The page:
Anticipating possible eviction from the home place due to the 1924 foreclosure, Myrtle purchased a home in Bone Gap. Title was held in Burl's name. At about the same time, Dennis purchased a produce business, which was also eventually titled in Burl's name. The parties agree that Dennis and Myrtle retained beneficial ownership in both of the properties. The produce business accounts were maintained in Burl's name, and Burl signed checks drawn on these accounts, but Dennis and Myrtle maintained complete control over the distribution of all funds connected with the business.

Subsequent to the foreclosure, Dennis purchased 21 acres of farmland, titling it in the names of Ashlie and his sister, plaintiff Harriet Chamberlin. During his lifetime, Dennis retained beneficial ownership of this property. Following Dennis' death in 1968, Harriet and Ashlie sold this acreage and divided the proceeds equally among the five siblings, pursuant to the intent of Dennis Hocking.

In 1941 Ashlie Hocking conveyed an undivided one-quarter interest in the mineral rights in the home place to Paul Blake. While there was some correspondence between Ashlie and Dennis regarding this transaction, it is clear that it was Dennis who negotiated the transfer and made the final decision regarding its completion, and after payment of the remaining indebtedness on the home place, it was Dennis who received the remainder of the purchase price. When problems developed with respect to receipt of oil royalties, a letter was sent over Dennis' signature demanding payment as per the royalty agreement. Ashlie received the royalties from oil production, but retained them in a separate "farm account" which he used exclusively for farm expenses, contributions to his parents' living expenses and the portion of his income tax attributable to the royalties. He also made interest-free loans to Harriet for the purchase of automobiles. Harriet testified that she first obtained permission for the loans from Dennis, then told Ashlie that Dennis had agreed to the loan, whereupon Ashlie gave her the money.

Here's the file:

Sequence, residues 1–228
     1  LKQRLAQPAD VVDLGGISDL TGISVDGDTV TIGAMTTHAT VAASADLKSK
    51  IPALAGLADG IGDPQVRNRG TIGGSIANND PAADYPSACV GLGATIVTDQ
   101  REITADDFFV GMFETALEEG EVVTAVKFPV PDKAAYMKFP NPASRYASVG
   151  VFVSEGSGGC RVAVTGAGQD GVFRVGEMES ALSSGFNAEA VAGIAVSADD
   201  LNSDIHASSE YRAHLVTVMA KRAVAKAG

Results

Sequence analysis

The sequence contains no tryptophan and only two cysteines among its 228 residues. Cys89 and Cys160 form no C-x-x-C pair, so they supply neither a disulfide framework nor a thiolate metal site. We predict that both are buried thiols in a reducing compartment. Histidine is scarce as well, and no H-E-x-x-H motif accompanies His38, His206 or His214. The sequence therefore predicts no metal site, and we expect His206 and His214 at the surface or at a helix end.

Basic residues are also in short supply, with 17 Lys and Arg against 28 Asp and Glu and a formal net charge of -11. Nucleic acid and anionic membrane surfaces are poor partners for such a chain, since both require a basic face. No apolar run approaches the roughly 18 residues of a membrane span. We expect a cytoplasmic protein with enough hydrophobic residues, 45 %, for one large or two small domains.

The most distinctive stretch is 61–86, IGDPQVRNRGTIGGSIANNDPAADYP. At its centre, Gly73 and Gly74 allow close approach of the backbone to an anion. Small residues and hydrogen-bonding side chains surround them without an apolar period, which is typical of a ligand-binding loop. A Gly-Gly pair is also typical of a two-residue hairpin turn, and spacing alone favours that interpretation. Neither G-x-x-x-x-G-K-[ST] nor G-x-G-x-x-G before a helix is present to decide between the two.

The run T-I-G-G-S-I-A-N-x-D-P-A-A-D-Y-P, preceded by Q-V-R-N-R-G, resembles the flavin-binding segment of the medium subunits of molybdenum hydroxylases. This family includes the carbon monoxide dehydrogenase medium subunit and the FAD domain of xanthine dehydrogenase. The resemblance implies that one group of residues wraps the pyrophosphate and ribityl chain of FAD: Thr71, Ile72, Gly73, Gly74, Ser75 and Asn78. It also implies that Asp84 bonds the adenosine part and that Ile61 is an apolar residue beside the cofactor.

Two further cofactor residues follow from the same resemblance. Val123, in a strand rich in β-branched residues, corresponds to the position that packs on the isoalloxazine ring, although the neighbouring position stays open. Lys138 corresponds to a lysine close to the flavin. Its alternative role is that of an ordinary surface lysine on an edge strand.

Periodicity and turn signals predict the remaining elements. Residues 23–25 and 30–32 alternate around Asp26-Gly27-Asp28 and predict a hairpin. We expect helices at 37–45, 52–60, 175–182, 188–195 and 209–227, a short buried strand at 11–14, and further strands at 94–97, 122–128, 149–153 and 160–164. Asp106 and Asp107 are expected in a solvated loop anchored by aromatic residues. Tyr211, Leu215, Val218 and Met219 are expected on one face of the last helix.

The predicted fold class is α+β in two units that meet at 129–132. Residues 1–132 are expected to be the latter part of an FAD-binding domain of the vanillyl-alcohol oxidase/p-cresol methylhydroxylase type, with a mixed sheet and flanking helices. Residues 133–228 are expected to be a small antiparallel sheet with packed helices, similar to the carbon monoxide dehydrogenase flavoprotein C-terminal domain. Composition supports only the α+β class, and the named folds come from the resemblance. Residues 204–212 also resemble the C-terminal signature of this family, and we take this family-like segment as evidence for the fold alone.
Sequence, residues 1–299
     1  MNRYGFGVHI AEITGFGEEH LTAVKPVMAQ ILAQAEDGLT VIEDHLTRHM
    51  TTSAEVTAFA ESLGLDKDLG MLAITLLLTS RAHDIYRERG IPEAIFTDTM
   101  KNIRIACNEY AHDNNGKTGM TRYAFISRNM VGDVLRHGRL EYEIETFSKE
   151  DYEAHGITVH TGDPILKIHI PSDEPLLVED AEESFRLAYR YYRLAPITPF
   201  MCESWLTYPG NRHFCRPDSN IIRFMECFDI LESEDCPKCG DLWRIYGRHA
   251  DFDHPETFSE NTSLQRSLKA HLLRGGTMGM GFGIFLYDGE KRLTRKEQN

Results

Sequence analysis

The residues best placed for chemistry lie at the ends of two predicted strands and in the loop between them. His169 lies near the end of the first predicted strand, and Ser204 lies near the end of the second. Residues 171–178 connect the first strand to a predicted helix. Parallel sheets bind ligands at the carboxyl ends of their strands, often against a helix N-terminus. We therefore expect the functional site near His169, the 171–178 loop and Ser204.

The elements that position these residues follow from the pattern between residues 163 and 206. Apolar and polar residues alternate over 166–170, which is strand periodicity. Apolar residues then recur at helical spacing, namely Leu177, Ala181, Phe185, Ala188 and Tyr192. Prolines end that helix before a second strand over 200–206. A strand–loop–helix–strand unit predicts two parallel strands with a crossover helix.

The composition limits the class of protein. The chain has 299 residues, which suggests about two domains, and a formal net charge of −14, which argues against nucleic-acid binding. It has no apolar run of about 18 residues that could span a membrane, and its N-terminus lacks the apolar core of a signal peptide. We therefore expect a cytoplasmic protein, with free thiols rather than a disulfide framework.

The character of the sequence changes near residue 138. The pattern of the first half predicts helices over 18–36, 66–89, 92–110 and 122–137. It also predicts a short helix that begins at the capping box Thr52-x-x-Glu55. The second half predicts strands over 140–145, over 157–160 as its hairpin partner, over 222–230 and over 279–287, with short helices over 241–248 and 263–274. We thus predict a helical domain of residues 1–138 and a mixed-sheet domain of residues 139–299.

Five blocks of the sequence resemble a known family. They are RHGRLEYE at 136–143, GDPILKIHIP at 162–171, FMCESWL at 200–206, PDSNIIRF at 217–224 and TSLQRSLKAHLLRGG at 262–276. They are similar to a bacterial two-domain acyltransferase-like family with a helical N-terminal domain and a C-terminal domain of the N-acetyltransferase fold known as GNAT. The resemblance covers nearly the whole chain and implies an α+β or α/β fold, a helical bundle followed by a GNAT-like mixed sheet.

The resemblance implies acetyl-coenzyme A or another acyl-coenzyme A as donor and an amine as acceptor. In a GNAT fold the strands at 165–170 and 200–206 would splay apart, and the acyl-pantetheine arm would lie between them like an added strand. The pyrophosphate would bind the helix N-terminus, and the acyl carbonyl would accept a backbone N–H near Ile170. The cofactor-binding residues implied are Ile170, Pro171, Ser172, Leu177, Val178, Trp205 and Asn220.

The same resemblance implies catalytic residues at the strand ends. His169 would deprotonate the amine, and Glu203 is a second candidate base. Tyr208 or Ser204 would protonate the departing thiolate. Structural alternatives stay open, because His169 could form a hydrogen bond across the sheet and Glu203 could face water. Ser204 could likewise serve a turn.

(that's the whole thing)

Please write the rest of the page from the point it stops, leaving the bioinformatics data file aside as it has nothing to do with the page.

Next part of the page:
The evidence as to who made the payments on the mortgage on the home place following Ashlie's purchase of the property is hotly disputed. According to plaintiffs' testimony, Dennis made all payments with the possible exception of payments on the $600 second mortgage. Some of these payments were made directly to the Bank, but many were paid to Ashlie, who then paid the Bank with his own check. Burl Hocking testified that he signed several checks which were issued for mortgage payments during the time that the produce business accounts were held in his name. Rosella Hocking, the wife of plaintiff Kenneth Hocking, testified to a conversation she had with Myrtle in the early 1950's in which Myrtle told her that Myrtle and Dennis had repaid Ashlie all of the money paid on the mortgage, except for about $800. Myrtle expressed concern that Ashlie refused to discuss repayment of the $800 with Myrtle and Dennis. Rosella related the conversation to Olive following Dennis' death. Olive responded that at the time, Dennis' nonpayment of the $800 had prevented Olive and Ashlie from buying their own home. She did not deny that Dennis and Myrtle had repaid Ashlie the balance of the mortgage payments.

Burl testified that during a visit to Ashlie's home in Ohio in 1958, he saw a fully executed warranty deed conveying the home place from Ashlie and Olive to Dennis and Myrtle. Ashlie subsequently introduced an unrecorded quitclaim deed made in 1968, conveying a life estate to Dennis, which he testified he had shown to Burl. Burl denied having seen the quitclaim deed, and stated unequivocally that it was not the deed he had seen in 1958.

Shortly prior to his death, when asked by his children if his affairs were in order, Dennis indicated that they were, and made statements to the effect that Ashlie would handle ...